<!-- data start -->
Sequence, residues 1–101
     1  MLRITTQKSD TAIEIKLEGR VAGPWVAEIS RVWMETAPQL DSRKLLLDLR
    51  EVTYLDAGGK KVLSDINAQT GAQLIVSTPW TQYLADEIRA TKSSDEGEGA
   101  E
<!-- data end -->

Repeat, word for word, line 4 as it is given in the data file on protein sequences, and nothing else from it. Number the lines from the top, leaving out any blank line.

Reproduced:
   101  E